Pebble announces Pebble Time, available through another Kickstarter

pebble_time

Way back in early 2012, the original Pebble Kickstarter campaign smashed its funding goal, and even with a few hiccups became one of the more popular smartwatches on the market. In addition to the original Pebble, the company has since released the Pebble Steel, a better looking watch but with the same hardware as the original version. As expected, Pebble has finally announced the Pebble Time, a successor  to the original Pebble and the first Pebble product with completely new hardware.

The most obvious new feature of the Pebble Time is the new display, which is a full color e-paper panel similar in size to the original Pebble. By using e-paper once again instead of an LCD, the new Pebble Time also manages to have the same 7 day maximum battery life as its predecessor even with the display always on. The addition of color also opens up a number of additional possibilities for the watch, everything from album art and colored watchfaces to better looking maps or sports scores.

Another major addition is the added microphone in the watch, which can currently be used to to send voice replies to notifications using several different applications or take voice notes. Naturally, though, the real possibilities will likely be realized later, as I wouldn’t be surprised if there is a big push to get the Pebble Time to work with Google Now.

The Time is thinner than the original Pebble, but still water resistant enough for running in the rain and even light swimming. Additionally, the bezel of the watch is made from stainless steel and the lens is composed of Gorilla Glass, which should allow the Time to take on regular wear and tear without worries.

As a result, the new Pebble Time should have close to if not the same level of durability as the original, which is one of the things that distinguished the original Pebble from some nicer but potentially more fragile Android Wear watches. Admittedly, though, the design is not quite on the level of something like the Moto 360, which will no doubt be a factor for many potential buyers.

On the software side, the Pebble Time adds a new feature known as the “Timeline.” The idea behind this is to categorize all of your information not by type or application, but by time. With one click, you can either go through past notifications and things you missed, or upcoming events and information that will soon be useful. The timeline will be open to all app developers, so in theory you can get any information you want in your timeline.

Original Pebble and Pebble Steel users will not be left out, as Timeline is apparently going to be made available as an update for all versions of the Pebble. Reasonably enough, the original 6,500 or so Pebble apps and watchfaces will work with the new Pebble Time, as it appears that Pebble is working to maximize compatibility between different watch versions.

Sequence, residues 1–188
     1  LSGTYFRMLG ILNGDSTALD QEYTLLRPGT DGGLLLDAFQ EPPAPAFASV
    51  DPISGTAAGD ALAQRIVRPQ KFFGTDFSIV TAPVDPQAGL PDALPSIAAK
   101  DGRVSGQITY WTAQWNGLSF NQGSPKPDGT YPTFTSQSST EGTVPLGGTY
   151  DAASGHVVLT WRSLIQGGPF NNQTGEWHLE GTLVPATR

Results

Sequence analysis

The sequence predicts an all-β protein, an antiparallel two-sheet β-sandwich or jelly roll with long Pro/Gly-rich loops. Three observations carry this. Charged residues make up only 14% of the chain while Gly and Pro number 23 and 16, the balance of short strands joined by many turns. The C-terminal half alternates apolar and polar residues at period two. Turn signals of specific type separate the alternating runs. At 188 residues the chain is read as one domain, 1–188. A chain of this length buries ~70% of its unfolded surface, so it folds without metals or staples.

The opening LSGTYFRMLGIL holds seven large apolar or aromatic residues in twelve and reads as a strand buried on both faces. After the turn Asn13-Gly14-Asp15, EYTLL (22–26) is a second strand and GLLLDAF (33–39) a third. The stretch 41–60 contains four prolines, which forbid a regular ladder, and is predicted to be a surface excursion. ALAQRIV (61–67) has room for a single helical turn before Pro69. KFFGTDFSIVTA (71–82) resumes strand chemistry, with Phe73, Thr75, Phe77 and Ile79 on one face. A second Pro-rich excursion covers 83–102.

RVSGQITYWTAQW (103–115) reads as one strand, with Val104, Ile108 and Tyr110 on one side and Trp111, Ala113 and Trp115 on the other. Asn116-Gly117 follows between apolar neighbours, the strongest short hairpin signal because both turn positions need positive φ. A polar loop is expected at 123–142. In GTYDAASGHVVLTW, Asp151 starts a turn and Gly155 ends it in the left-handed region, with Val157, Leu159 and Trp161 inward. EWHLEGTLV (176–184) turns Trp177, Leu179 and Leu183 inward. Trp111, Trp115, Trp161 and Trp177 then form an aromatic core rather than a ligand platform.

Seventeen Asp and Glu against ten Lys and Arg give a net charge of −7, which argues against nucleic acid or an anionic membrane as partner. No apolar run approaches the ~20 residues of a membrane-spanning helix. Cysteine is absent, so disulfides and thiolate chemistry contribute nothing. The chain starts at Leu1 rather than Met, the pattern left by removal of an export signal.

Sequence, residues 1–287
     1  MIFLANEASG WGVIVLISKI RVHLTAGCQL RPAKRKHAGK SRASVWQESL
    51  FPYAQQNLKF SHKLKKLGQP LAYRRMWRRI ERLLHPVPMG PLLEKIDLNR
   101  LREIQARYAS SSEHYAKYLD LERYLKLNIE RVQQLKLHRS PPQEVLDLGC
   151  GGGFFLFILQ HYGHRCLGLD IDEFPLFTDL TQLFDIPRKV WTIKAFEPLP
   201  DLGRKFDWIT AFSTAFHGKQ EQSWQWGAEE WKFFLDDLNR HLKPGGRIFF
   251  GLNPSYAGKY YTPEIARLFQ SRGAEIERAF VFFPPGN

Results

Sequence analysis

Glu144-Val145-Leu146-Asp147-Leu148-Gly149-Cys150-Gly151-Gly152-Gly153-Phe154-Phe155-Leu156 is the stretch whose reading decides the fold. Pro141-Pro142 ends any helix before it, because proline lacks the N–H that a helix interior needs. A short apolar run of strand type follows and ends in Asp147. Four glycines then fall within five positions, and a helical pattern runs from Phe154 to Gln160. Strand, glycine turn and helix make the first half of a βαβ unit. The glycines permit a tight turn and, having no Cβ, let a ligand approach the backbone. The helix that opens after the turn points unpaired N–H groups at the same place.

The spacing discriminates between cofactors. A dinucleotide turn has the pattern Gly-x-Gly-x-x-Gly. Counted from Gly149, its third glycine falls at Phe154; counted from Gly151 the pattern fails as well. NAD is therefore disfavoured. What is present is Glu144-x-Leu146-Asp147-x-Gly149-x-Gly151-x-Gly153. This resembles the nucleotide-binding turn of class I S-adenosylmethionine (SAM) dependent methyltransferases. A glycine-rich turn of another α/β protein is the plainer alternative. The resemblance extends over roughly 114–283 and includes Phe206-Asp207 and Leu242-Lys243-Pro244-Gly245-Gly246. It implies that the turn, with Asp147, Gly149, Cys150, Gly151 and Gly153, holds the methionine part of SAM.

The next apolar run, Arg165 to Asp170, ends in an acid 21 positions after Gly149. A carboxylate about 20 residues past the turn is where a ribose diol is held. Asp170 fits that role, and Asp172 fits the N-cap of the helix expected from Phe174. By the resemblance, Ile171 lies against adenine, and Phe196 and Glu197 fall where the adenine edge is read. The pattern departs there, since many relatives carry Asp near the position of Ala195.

Interestingly, the Pebble Time is being launched through Kickstarter much like the original Pebble, which doesn’t seem completely necessary. The product is nearly ready and as of this writing the goal has already been met five times over. Essentially, it seems like Pebble is using the Kickstarter system as a preorder of sorts, and it appears to be working quite well so far.

The Pebble Time will retail for $199, and the current Kickstarter price is $179 (the $159 level is sold out), so there is still an incentive for users to fund the Kickstarter instead of waiting for the retail release which is currently scheduled for May. With the new Pebble Time, current Pebble prices should get even lower, and I’m personally hoping for the Steel to get under $150 so that I can pick one up as the Steel looks much better (or at least much more formal) than any version of the Pebble, Time included.

At $200, the Pebble Time presents an interesting choice for smartwatch buyers, as it certainly has some distinct advantages and disadvantages compared to Android Wear products, and it will be interesting to see what consumers value in a smartwatch. If the Kickstarter is any indication, though, there are definitely plenty of people who are interested in longer battery life and greater durability in a smartwatch, and by sticking close to its original formula, Pebble seems to have capitalized on a relatively solid section of the market.

[Kickstarter]
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Aaron Orquia

Aaron Orquia is an associate editor at Pocketables. He has been using Android and Linux since he bought his first computer years ago, and his interest in technology, software, and tweaking both to work just right has only grown stronger since then. His current gadgets include a OnePlus One, a Pebble smartwatch, and an Acer C720 Chromebook.

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